Today, there is no specific biomarker for the diagnosis of PE. D-dimer has been mentioned, but positive predictive value of elevated D-dimer levels is low. Advanced age, the presence of infection, pregnancy, active malignancy, recent surgical interventions, liver failure, and rheumatoid arthritis may result in false-positive plasma D-dimer measurement. Anticoagulation therapy, the presence of small clots, isolated small pulmonary infarcts, and existing symptoms persisting for more than 5 days may lead to false-negative plasma D-dimer measurement results.[4] Some prediction rules have been developed, such as Wells and Geneva scores that have been used in daily practice. However, today, despite all these methods, many patients with PE cannot be diagnosed easily. Therefore, we need new biomarkers that may help in the diagnosis.

The new biochemical marker, signal peptide-complement C1r/C1s, Uegf, and Bmp1-epidermal growth factor domain-containing protein 1 (SCUBE1), is a member of the SCUBE family and secreted cell surface protein expressed during early embryogenesis. It forms part of the epidermal growth factor (EGF) superfamily and consists of several domain structures, such as cysteine-rich and EGF-like repeats and CUB domain.[5] The protein is found in platelet and endothelial cells.[6] Studies suggested that the platelet is probably the principal source of the SCUBE1 expressed in the vascular system. These proteins are stored within the α-granules of inactive platelets, translocated to the platelet surface upon activation by thrombin, and incorporated into thrombus.[7] Furthermore, SCUBE1 accumulation has been determined immunohistochemically in the subendothelial matrix of advanced atherosclerotic lesions in humans. Several studies have shown that SCUBE1 is a helpful biomarker in identifying acute thrombotic diseases, including acute coronary syndrome (ACS) and acute ischemic stroke (AIS).[8] Turkmen et al. investigated the diagnostic value of SCUBE1 in patients with PE and healthy people. They reported high SCUBE1 levels in patients with PE.[9]

Based on these previous results, we decided to conduct a new study. The aim of the present study was to compare the SCUBE1 levels in patients with PE, in patients with suspected PE, and healthy people and also to investigate the levels of SCUBE1 in other diseases which remain in the differential diagnosis of PE.


   Methods Top


The study was designed prospectively. Data were collected at the Chest Disease Clinic of Suleyman Demirel University and Emergency Department of Adnan Menderes University. The local ethics committee approved the present study.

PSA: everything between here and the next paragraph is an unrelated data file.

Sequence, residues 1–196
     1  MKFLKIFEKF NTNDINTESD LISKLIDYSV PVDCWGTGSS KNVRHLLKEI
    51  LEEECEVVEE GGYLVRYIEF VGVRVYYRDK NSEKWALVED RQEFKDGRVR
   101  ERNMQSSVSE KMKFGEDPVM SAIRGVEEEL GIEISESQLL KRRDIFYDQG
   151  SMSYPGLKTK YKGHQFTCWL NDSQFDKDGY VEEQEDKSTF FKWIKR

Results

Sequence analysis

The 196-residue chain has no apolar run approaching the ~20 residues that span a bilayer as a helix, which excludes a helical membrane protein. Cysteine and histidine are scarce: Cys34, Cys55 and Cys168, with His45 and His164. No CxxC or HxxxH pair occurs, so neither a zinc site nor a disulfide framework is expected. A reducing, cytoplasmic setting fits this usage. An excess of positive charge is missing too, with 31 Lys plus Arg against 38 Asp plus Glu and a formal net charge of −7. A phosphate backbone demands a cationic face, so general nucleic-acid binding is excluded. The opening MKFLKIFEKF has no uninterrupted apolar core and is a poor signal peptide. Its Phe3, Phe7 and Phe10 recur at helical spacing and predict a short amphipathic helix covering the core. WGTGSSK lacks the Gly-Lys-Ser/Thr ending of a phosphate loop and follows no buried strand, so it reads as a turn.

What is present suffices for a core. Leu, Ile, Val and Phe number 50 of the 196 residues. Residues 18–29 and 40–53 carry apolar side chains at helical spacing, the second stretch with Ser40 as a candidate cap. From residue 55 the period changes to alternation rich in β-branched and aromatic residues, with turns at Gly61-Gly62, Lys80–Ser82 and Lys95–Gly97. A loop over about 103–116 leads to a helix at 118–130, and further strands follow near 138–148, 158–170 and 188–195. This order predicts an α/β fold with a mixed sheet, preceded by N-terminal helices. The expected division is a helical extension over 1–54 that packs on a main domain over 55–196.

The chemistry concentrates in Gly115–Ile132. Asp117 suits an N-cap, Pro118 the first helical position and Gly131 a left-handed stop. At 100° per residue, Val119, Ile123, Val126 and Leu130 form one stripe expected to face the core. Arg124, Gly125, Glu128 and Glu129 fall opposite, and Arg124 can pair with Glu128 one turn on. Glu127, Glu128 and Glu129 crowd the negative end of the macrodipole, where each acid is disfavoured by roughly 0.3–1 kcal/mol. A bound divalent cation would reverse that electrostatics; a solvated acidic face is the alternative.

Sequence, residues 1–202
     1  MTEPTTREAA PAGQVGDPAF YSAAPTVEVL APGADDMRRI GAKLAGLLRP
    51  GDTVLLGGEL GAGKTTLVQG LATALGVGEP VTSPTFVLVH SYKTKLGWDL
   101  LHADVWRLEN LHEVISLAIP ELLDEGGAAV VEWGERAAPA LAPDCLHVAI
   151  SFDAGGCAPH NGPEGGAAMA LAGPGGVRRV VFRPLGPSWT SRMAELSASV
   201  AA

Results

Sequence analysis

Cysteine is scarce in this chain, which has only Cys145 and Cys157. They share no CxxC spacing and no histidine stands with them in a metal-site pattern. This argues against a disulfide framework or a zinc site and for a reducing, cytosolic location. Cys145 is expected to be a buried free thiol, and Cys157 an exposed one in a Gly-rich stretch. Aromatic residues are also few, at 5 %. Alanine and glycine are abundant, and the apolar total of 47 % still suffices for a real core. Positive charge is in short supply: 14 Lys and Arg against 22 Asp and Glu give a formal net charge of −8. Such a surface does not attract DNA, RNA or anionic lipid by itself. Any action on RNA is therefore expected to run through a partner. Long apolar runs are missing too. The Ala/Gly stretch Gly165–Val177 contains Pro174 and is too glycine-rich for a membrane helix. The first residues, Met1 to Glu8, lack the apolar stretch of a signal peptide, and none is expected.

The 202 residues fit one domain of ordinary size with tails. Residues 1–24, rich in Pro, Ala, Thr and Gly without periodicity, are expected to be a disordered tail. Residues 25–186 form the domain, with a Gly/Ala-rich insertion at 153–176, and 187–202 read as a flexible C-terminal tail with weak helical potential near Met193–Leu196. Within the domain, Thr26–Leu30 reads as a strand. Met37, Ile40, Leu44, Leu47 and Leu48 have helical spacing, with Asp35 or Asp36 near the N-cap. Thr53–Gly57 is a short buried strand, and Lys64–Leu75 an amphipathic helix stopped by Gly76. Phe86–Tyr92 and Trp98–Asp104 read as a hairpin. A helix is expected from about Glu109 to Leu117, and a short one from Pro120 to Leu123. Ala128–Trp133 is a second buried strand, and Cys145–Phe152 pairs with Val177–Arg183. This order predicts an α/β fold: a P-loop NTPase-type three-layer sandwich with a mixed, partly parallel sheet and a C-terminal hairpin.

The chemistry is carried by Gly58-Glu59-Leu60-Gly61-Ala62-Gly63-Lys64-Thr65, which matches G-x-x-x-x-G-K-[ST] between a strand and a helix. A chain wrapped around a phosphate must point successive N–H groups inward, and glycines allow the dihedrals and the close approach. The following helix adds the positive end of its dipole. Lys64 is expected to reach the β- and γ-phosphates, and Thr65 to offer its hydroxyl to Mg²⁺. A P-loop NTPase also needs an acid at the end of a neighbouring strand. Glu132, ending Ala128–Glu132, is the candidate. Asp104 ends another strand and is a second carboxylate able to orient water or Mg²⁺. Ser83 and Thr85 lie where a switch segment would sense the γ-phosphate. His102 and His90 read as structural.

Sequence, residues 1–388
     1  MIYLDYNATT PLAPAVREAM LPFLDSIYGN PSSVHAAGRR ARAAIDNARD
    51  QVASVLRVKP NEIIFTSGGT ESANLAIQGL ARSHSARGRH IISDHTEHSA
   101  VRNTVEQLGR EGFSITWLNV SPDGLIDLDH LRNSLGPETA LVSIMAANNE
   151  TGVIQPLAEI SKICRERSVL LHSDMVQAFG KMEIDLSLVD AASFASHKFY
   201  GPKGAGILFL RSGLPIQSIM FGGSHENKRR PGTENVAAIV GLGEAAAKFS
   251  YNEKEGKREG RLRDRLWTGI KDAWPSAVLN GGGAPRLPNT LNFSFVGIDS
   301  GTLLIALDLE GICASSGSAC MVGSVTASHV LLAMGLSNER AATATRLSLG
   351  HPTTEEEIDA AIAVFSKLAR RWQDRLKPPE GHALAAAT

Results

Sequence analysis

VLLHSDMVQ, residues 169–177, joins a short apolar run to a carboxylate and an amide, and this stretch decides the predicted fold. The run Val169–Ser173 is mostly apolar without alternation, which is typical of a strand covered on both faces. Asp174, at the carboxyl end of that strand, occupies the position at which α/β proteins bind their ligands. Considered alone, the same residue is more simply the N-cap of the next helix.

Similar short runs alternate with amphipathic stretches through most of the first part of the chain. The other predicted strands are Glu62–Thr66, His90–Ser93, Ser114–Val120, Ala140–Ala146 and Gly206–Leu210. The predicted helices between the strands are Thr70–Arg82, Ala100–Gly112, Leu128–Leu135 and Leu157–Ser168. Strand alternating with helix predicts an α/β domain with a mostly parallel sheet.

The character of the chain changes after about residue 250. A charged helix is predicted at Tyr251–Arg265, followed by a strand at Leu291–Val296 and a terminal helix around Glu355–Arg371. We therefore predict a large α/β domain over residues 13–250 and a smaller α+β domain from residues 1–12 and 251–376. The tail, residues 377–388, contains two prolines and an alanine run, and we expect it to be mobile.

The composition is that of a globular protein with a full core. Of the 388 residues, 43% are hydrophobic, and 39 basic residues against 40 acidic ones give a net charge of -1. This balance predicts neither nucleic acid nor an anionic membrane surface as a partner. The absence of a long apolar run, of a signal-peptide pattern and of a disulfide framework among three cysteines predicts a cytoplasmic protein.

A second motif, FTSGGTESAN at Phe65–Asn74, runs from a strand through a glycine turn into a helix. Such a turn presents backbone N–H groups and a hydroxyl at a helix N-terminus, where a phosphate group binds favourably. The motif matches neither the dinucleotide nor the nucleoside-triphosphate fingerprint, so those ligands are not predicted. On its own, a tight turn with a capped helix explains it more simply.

Study population

A total of 57 patients who were admitted to emergency service with clinically suspected PE were included in this prospective study. Definitive diagnosis of pulmonary thromboembolism was made by showing a filling defect of PTE on spiral computerized tomographic (CT) pulmonary angiography according to the predefined standard protocol.[10] CT pulmonary angiography was applied to all patients. The patients diagnosed with PE were defined as PE group (n = 32), and the patients with undetectable embolism on CT pulmonary angiography were defined as non-PE group (n = 25). Twenty-five consecutive sex- and age-matched healthy individuals without relevant current status and medical history were included in the study. Patients with ACS, acute myocardial infarction, hypertensive crises, acute ischemic cerebrovascular disease, peripheral artery disease, advanced liver and kidney failure, idiopathic cardiomyopathy, liver disease, chronic infection, autoimmune disease, and malignancy were excluded from the study. The exclusion criteria in the control group were the same as those in the patient groups.

Study design

The demographic, clinical, and laboratory characteristics of the patient groups were taken from the patients' histories and results of physical examinations. Routine biochemical analysis, complete blood count, D-dimer, and arterial blood gas analysis were performed early after admission. Wells and Geneva scores to assess the risk of PE were made. Echocardiographic examinations in patients with PE were performed by a cardiologist, and pulmonary arterial pressures were measured. In patients, plasma D-dimer examinations were performed using the automatic coagulation analyzer and the immune turbidimetry method, with reference values of 69–243 ng/mL.

Measurement of signal peptide-complement C1r/C1s, Uegf, and Bmp1-epidermal growth factor domain-containing protein 1